Sunshine Oilsands battles Hong Kong’s quicksands

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A proposed US$500 to US$700 million initial public offering by Sunshine Oilsands is bearing down on Hong Kong investors, which would make it the largest IPO globally so far in 2012. The roadshow is set to start today (February 6) and pricing is slated for February 14. The company is based in Calgary, Canada. Just what is it doing tapping Hong Kong investors for funds?

Cleary, there is a need in China for the abundant oil reserves and resources that lay in these vast pits. Canada is said to have the world’s third largest proven oil reserves, after Saudi Arabia and Venezuela, largely thanks to this viscous, bituminous grit. Sunshine Oilsands controls more than 465 thousand hectares of oil sands leases, encompassing an estimated 2.2 billion barrels in resources, under one of the measures most commonly used by research analysts – which is a lot. US President Barack Obama recently blocked a pipeline from Canada to the US on environmental concerns. The move immediately sent the Canadians looking to re-route the pipeline to the west coast, so that it could ship the oil to China.

So there is a China angle, and the quality of Sunshine Oilsands’ operations is not in question. The company has no debt. It also recently raised US$227 million in private equity money, which indicates that smart, professional investors see significant value in this entity. And for 25 per cent of its capital, the IPO would value the business at up to US$2.4 billion, excluding an additional US$100 million over-allotment option.

But while Chinese money has been aggressively pursuing investments in Canada’s energy sector, a listing in Hong Kong of what is, at this juncture, a business focused on North American assets, is perhaps at odds with the mandates of the large funds that typically get involved in local IPOs. Such funds are generally interested in firms whose businesses are active in Asia, or otherwise have a strong connection with the region.

True, Sunshine Oilsands now has a number of Chinese names on its register and its executive co-chairman, Songning Shen, formerly worked at Bohai, a subsidiary of CNOOC. The company has also stated that “it is committed to developing a long-term presence in Asia” and that “it positions itself to take advantage of Asian industrial and financial expertise”. But more than 90 per cent of the deal’s net proceeds will be assigned to the development of oil sands and projects in Canada.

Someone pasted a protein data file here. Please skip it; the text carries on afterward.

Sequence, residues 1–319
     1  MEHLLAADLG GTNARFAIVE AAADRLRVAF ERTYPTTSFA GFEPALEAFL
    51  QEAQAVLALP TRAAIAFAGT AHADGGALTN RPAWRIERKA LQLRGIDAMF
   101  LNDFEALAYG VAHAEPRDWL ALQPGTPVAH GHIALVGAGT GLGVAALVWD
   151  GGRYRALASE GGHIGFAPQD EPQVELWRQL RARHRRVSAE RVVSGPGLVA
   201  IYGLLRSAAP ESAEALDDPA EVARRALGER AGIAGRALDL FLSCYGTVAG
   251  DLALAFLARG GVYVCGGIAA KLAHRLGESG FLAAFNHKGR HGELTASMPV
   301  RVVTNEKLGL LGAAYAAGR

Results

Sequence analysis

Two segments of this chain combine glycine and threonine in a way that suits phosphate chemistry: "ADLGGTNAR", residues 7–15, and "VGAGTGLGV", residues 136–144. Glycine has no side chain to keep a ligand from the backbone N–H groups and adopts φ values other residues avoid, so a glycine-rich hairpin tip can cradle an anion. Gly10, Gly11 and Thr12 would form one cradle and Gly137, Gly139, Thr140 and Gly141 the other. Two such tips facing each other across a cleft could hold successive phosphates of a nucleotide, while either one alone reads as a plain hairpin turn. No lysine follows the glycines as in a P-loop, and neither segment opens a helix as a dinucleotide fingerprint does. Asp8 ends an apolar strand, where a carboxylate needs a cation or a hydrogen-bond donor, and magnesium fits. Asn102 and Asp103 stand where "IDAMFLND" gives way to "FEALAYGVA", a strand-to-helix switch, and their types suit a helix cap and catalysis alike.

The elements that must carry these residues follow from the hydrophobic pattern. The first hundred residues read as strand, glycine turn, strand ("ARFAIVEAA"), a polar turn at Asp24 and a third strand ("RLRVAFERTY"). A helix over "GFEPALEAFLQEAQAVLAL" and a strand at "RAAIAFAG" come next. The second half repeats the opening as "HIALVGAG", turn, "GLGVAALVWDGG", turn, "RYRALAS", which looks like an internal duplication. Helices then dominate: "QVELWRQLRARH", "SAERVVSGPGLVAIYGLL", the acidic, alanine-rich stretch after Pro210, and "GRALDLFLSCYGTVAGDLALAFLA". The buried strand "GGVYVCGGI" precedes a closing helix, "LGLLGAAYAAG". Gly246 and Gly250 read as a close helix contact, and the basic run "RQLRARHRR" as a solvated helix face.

China will no doubt provide Sunshine Oilsands with a significant market as oil production comes on stream. But is that a sufficiently intriguing local angle to stir the enthusiasm of Hong Kong investors?

Husky Energy, which is 35 per cent owned by Hutchison Whampoa and listed in Toronto, is another Canadian energy company that has for a while been contemplating a listing in Hong Kong – but this has yet to materialize.

Other listings of Canadian-incorporated businesses in the city haven’t exactly been resounding successes. SouthGobi Resources – which is active in Mongolia and China, and also listed in Toronto – has seen its share price fall more than 56 per cent since its US$439 million IPO in Hong Kong in January 2010. China Gold International Resources, which mines gold on the mainland, has plummeted almost 46 per cent since its November 2010 US$309 million listing in Hong Kong. It is also listed in Toronto. Both stocks are trading on thin volumes locally, suggesting minimal interest in these securities among Hongkongers.

And, while the linkage is indirect and completely tenuous, the sorry saga of Toronto-listed Sino Forest may also have somewhat eroded the bond between equity investors, Chinese capital and IPO stories with a Canadian flavour.

Many of these firms come from the mining and resources sector, which is cyclical, often prone to booms and busts, and which is generally less familiar to Hong Kong investors.

Sunshine Oilsands has a good story to tell but it too will have to win this perception battle.

Philippe Espinasse worked as an investment banker in the US, Europe and Asia for more than 19 years and now writes and works as an independent consultant in Hong Kong. He is the author of IPO: A Global Guide, published by HKU Press.

[This article was originally published in The South China Morning Post on 6 February 2012 and is reproduced with permission.]

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